Saturday, 29 August 2009

My Riga Article

The name of this post is also a link to my Riga article on

Wednesday, 19 August 2009

The readings this week have been really special, and isn't it strange how things you think you know by heart suddenly come alive? I will side with those who say they never actually read their Bible the way they started to when they became Catholic.
It is as if I saw with my own eyes the rich young man who approaches Jesus and asks him what does he have to DO to have eternal life. Why is Jesus so dismissive, why doesn't He reveal Himself? The young man's question echoes another question from John 6, when the people asked Jesus - what MUST WE DO to do the works of God? Remember His reply, "This is the work of God, that you believe in him whom he has sent."
To the young man, Jesus replies that only God is good. He doesn't say anything about faith, but he urges him to keep the commandments. This is a paradox in what I see to be a teaching on the grace of God as opposed to futile human efforts. The paradox is somewhat illogical because, when the young man says that he has already been keeping the commandments, Jesus suddenly makes an outrageous proposition. But God is above our logic. And Jesus saw right through the young man's self-righteousness. Not that he didn't work in the Father's vineyard - Jesus didn't denigrade his efforts. But the young man's salvation lies with Jesus and He is right there - His Lord and His God...
This time, when I was reading these passages, I noticed the young man's question, "what do I still need to DO?" He seems to be aware he lacks something, there is a longing he cannot satisfy by his undoubtedly moral and exemplary life. I think Jesus's eyes were softly smiling when He was saying "Go and sell what you own and give the money to the poor, and you will have treasure in heaven". And then your heart will be at rest, and you will be free to follow what I am offering you. "THEN COME, FOLLOW ME".
What did these words mean to the young man? Did he realize he wasn't really saving himself by trying to look good, to please his own ego? I think Jesus cut him to the heart with these words. Impossible to follow, and that was precisely the point. The word of God is life, and obeying the commandments was to give life to the people, but here before Him stood the Word incarnate, offering him life, and the man couldn't accept it. He grew to trust his own efforts to the point he could not accept the grace of God.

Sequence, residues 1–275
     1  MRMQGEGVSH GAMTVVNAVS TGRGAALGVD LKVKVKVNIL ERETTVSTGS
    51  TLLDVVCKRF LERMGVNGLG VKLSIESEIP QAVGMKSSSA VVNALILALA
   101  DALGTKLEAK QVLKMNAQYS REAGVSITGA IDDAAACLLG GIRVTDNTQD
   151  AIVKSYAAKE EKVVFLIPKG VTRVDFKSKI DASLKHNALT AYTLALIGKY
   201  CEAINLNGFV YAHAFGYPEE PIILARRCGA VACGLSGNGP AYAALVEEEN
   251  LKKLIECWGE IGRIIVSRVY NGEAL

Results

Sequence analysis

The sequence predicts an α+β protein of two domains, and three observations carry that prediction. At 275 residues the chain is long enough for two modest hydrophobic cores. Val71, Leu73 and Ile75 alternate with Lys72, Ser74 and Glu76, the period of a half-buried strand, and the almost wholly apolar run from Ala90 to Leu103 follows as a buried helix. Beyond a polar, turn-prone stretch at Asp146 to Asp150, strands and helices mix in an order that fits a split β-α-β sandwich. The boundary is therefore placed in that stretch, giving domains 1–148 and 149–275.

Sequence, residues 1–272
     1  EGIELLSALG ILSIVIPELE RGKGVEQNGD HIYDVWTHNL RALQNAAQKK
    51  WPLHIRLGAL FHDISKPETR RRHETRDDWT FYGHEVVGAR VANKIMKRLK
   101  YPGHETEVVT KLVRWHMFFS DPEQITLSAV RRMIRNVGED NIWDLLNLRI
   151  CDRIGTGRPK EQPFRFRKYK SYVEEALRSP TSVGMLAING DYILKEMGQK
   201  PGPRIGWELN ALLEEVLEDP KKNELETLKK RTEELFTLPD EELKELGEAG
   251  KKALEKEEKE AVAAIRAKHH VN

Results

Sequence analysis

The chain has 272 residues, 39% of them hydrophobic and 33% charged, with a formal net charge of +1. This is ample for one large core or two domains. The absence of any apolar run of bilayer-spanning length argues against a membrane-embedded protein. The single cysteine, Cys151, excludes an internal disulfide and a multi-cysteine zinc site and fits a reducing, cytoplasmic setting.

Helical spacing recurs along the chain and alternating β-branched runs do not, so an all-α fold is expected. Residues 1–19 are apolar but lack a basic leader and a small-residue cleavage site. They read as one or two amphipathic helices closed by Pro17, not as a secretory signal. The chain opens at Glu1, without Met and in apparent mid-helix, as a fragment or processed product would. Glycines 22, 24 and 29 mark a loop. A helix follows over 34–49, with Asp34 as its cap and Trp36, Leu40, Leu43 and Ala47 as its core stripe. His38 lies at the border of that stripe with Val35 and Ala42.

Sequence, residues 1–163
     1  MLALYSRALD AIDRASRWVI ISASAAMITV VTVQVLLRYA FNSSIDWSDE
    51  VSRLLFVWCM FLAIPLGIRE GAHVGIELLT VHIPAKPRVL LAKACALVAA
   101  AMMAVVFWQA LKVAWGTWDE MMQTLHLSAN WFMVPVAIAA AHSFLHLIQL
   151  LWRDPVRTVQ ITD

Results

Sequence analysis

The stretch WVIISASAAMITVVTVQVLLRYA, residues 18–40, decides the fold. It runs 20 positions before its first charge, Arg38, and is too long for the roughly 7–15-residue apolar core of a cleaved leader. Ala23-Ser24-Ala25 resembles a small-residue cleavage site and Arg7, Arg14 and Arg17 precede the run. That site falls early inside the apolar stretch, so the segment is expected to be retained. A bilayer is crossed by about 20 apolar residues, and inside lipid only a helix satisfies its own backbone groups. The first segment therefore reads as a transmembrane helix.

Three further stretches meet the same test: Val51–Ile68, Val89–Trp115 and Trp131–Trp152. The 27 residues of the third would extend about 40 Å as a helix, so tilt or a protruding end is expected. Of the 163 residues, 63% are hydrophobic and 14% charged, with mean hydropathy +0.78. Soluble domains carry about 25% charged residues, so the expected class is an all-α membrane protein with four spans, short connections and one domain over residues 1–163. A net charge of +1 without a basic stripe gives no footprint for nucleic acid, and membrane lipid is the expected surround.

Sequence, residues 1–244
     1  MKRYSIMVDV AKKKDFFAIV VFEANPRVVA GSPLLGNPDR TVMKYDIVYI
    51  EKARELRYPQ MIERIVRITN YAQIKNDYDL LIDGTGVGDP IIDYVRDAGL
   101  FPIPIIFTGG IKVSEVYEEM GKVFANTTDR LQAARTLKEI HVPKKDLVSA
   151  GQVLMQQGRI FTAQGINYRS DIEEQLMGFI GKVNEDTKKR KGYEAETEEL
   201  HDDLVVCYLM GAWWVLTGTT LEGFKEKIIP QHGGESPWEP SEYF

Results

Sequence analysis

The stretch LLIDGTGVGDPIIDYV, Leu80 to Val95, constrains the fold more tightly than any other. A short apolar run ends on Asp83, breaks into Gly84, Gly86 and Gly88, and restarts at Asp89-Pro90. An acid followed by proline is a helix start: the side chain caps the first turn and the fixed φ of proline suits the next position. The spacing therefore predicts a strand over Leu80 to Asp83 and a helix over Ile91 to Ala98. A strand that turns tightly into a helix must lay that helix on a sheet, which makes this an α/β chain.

It was an offer of a life with no security for tomorrow, an offer that defies all logic and experience, a burden that is light one day and seems impossible to bear for five more minutes another day. They will spit in your face and throw you out of the synagogue you love so much - and I will ask you to love them and forgive them from the heart. There is no certainty and no effort of yours you can rely upon - because every step will seem impossible until you actually make it. And what is worst of all - in the depths of your heart you know this is the only thing you need...
The young man went away sorrowful. I am imagining the insane situation of him selling all his posessions and running joyfully after Jesus, to embark on a life of a penniless vagabond, and later a martyr. But there is one important word here - JOYFULLY.
As one anonymous man wrote, I thought if I didn't indulge my habit, I would die. And when it turned out that I didn't die, I was shocked to find out it was possible to live without it. But he never would have found out, would he, unless he denied himself the very thing that held him captive... And I think it is only when someone dares to let go that they find out what it means to live by grace. Is it easy? Oh no, it is the most difficult thing in the world! And the worst part is that you have to do it daily :-) :-) :-)

Saturday, 15 August 2009

I rejoiced when I heard them say - let us go up to the mountain of the Lord...

It is amazing how time flies. Four and a half months from now I will be leaving for Jerusalem. A pilgrimage in a way, yes. And God willing, something more than that. A desert, perhaps? Or a land of milk and honey? I don't know... The only thing that is certain - if I get there, that is - I will not be a tourist. Not a sightseer. I will be living for three months in a convent in a Muslim quarter of the Old City, trying to feel it with my skin and see it with my eyes - and describe it with my words.
I have been preparing for this for two years. I'm not 18 anymore, so I can't just grab my two bags with all my belongings and take the first bus out of here, as I used to. There are loans, and jobs, and stuff, and bills... Endless array of things to arrange. Sometimes I wonder if I have fallen prey to what I was trying to escape -materialism, love of things, being stuck in one place full of expensive crystal and never knowing what life really is about. I am going to Jerusalem to find out.
"Twenty years from now you will be more disappointed by the things you didn't do than by the ones you did do. So throw off the bowlines. Sail away from the safe harbor. Catch the trade winds in your sails. Explore. Dream. Discover." Mark Twain